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Cochlear Implants vs Hearing Aids

Hearing loss is a significant issue facing over 37 million Americans.  Hearing loss impacts interaction with people and can lead to frustration, isolation, and depression. Patients with hearing loss have several amazing treatment options to improve their quality of life. Depending on the degree of hearing loss, some patients are candidates for hearing aid amplification.  Patients with more significant hearing loss may be a candidate for a cochlear implant.  Let’s learn more about cochlear implants vs hearing aids and determine if you may be a candidate: what’s the difference?

Who Is a Candidate for Hearing Aids?

Hearing aids are beneficial for those with mild to severe hearing loss. These small devices amplify sound and improve your hearing in many environments and allow you to distinguish voices and sounds. They can be worn in the ear or behind the ear.

Doctor fitting a hearing aid.

What Are Hearing Aids?

Hearing aids consist of a microphone, an amplifier, and a receiver. An experienced audiologist, like you will find at the  Michigan Ear Institute, will guide you on the type of hearing aid best suited for you, your lifestyle, and your degree of hearing loss. 

Styles of hearing aids include the following:

  • Behind the ear (BTE)
  • Receiver in the ear (RIC)
  • In the ear (ITE)
  • Completely in the ear canal (CIC)

Hearing aids today are digital. They transform sound waves into digital signals and replicate the original sound precisely. Utilizing a computerized chip, they evaluate the surrounding environment to determine which sounds (such as speech) need to be amplified and which sounds (background noise) can be suppressed to improve your hearing. 

Best Candidates for a Cochlear Implant

Cochlear implants have revolutionized the ability to care for people with hearing loss and are best suited for those with more severe hearing loss in one ear or both ears. Patients who struggle with their hearing despite hearing aids may be suitable candidates. These implants work by stimulating the hearing nerve endings directly and bypass the structures of the inner ear that are causing  hearing loss. Cochlear implants can help those with severe hearing loss who cannot understand speech even with the most powerful hearing aids. They can help people who have inner ear damage and who will not be helped with a hearing aid.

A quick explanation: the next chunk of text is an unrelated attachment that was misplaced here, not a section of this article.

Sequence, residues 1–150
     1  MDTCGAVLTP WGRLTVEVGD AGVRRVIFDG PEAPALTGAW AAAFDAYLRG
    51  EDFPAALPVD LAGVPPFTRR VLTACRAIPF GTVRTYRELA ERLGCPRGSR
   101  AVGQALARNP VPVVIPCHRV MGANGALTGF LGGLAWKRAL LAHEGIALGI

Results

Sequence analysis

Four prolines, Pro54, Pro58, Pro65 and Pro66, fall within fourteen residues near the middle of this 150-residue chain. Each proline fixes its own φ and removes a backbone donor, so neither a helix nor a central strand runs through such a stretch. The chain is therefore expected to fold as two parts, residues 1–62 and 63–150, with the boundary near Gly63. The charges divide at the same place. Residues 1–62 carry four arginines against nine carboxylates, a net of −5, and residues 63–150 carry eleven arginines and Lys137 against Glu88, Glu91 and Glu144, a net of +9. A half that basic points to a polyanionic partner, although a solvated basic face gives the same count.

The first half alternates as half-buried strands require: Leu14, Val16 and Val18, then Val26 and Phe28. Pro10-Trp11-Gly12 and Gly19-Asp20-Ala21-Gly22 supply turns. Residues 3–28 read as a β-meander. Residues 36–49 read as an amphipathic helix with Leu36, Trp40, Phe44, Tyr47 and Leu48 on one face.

What Are Cochlear Implants?

Cochlear implants deliver sound signals to the auditory nerve endings. The sound processor sits behind the ear, and a receiver is implanted under the skin behind the air. The receiver sends the signals to electrodes implanted in the cochlea (inner ear). The brain then interprets the signals as sounds. 

People with cochlear implants need aural rehabilitation to learn how to interpret the signals and the brain takes time to adapt to hearing and understanding speech. Success with cochlear implants is impressive.

What Are the Benefits of Cochlear Implants?

Advantages of cochlear implants include the following:

  • Individuals can hear speech without needing visual clues.
  • There is recognition of environmental sounds.
  • Patients can listen in a noisy environment.
  • Individuals have the ability to find sounds and where they are coming from.
  • Patients can hear TV programs, music, and telephone conversations.

Individual results with cochlear implantation vary depending on the duration of hearing loss, age of the patient, and cause of hearing loss. Our audiologists can talk to you about reasonable expectations for your specific situation during a cochlear implant evaluation.

Contact the experienced audiologists at Michigan Ear Institute if you would like a hearing assessment to discover which type of hearing device might be right for you. Call (248) 865-4444 to schedule an appointment today.

We can’t wait to hear from you!

Contact Michigan Ear Institute today!